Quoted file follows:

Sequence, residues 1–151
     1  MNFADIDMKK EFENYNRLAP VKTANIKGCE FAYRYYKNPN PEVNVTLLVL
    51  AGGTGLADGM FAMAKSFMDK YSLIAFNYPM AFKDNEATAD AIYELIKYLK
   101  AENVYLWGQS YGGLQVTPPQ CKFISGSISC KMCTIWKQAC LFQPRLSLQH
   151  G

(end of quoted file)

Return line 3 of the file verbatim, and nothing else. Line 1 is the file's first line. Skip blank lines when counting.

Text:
    51  AGGTGLADGM FAMAKSFMDK YSLIAFNYPM AFKDNEATAD AIYELIKYLK